Robots for industry | Tiny flying robots to give ISS astronauts a hand | Pittsburgh engineer researching robotics for O&P patients
September 13, 2019
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ASME Quiz
Robots for industry

These robots are best known for lending an arm to heavy-duty jobs like assembly and arc welding. What are they?

Credit: Robotics Industry Association

○ Gantry robots
○ SCARA robots
○ Articulated robots
○ Iron Giants
ASME (9/2019) 
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Today's Tech Buzz
Tiny flying robots to give ISS astronauts a hand
NASA engineers used 3D printing to produce three tiny robots designed to fly autonomously around the International Space Station and help astronauts with routine tasks, such as transporting objects from one spot to another. The so-called Astrobees, still in a trial stage, are each equipped with cameras, a touchscreen, speaker, microphone and laser pointer and maneuver with with the use of two centrifugal impellers channeling air through 12 adjustable nozzles.
ASME (9/2019) 
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Spotlight on Biotechnology
Pittsburgh engineer researching robotics for O&P patients
Josh Caputo, PhD, became interested in using robotics in orthotics and prosthetics before starting his doctorate degree at Carnegie Mellon University and working in the university's Experimental Biomechatronics Laboratory. He now runs Humotech, which is researching a prosthetic foot emulator in conjunction with the Department of Veterans Affairs and Department of Defense to evaluate a system to improve the process of prescribing prosthetic feet.
O&P Almanac (Adobe Flash required) (9/2019) 
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VR, reinforcement learning could improve prosthesis fitting times
Researchers in North Carolina and Arizona are using virtual reality and reinforcement learning to reduce the amount of time it takes to fit a prosthesis. Patients used digitized virtual reality to imagine moving a prosthetic hand, and sensors placed on the forearms measured muscle activity to determine how the limbs could replicate prosthetic hand movements.
Medical Device & Diagnostic Industry (9/2019) 
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AI analysis of electrocardiograms could improve diagnosis of heart failure
An artificial intelligence algorithm can detect severe congestive heart failure by analyzing a single beat on an electrocardiogram, researchers reported in Biomedical Signal Processing and Control. The model, which was 100% accurate in studies, applies advanced signal processing and machine learning to raw ECG signals in 5-minute excerpts.
Forbes (9/12) 
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New Culture gains funding for animal-free cheese
San Francisco-based New Culture received $3.5 million in funding for its animal-free dairy cheese. The startup is working to combine biotech casein micelles with traditional fermentation methods to make dairy cheese.
FoodBev (9/11) 
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Innovations & Trends
Engineers validate San Francisco plan to support sinking tower
Engineers validate San Francisco plan to support sinking tower
(Justin Sullivan/Getty Images)
An independent engineering review team approved plans by the San Francisco Department of Building Inspection to shore up the sinking Millennium Tower. Pending permits, work is expected to start early next year on the $100 million proposal, which calls for a perimeter pile upgrade that will shift some of the building's weight to bedrock from its existing foundation.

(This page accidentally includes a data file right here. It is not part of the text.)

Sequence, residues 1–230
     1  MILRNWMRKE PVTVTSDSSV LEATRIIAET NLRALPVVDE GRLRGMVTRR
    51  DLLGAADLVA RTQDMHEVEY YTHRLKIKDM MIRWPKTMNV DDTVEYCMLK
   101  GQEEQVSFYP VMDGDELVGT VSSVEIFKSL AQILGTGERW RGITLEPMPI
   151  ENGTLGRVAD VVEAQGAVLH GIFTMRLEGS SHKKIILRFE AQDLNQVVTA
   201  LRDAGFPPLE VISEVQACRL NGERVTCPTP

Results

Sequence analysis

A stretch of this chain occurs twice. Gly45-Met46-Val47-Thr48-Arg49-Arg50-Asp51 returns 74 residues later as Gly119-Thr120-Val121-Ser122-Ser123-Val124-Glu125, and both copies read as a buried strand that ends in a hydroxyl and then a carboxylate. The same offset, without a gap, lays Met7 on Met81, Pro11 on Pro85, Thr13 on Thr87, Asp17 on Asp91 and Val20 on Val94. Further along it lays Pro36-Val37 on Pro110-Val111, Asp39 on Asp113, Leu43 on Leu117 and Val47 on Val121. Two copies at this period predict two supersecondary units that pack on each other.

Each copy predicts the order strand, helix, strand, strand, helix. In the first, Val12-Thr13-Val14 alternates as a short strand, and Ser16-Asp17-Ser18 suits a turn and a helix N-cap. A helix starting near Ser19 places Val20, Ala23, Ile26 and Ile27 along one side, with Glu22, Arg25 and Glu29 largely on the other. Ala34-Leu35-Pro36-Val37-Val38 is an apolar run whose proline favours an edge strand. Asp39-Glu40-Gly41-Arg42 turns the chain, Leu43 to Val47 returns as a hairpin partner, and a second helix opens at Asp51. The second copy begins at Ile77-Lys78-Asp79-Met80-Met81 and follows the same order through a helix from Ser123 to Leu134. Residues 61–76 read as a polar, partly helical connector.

Engineering News-Record (9/11) 
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System enables remote piloting of GA aircraft
DZYNE Technologies and the Air Force Research Laboratory recently demonstrated the capabilities of the ROBOpilot system. "Imagine being able to rapidly and affordably convert a general aviation aircraft, like a Cessna or Piper, into an unmanned aerial vehicle, having it fly a mission autonomously and then returning it back to its original manned configuration," Alok Das of AFRL's Center for Rapid Innovation says.
GCN (9/11) 
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Agtech: A literal greenfield of channel opportunity
Agtech: A literal greenfield of channel opportunity
(Philippe Desmazes/AFP/Getty Images)
Low-power WAN technologies, satellite vendors and other communication options are poised to spark substantial growth in the largely untapped agricultural technology market. The "smart farming" channel includes rural broadband providers and wireless carriers whose infrastructure enables the collection of data from sensors and related technology to analyze soil nutrients and other conditions.
ChannelPro Network (9/11) 
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Leadership & Development
Ind. middle-schoolers build their own bikes
Students at John Young Middle School in Indiana got a hands-on STEM lesson this week in which they built bicycles from scratch. Workers at local small business Cummins Sales and Service helped the middle-schoolers assemble the bikes, which the students got to take home along with helmets, gloves and bike locks.
WBND-TV (South Bend, Ind.) (9/11) 
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ASME News
New VR demo added to Visualize MED Program
University of Minnesota will share an augmented and virtual reality demonstration at ASME’s Visualize MED event on October 22. AR/VR have been shown to have potential in understanding patient anatomy, device performance and enhance communication between clinicians, engineers, and patients. However, there are some limitations in capabilities. The Earl E. Bakken Medical Devices Center proposes a system where VR geographic and systematic boundaries can break wherever collaborators have an internet connection. Read more
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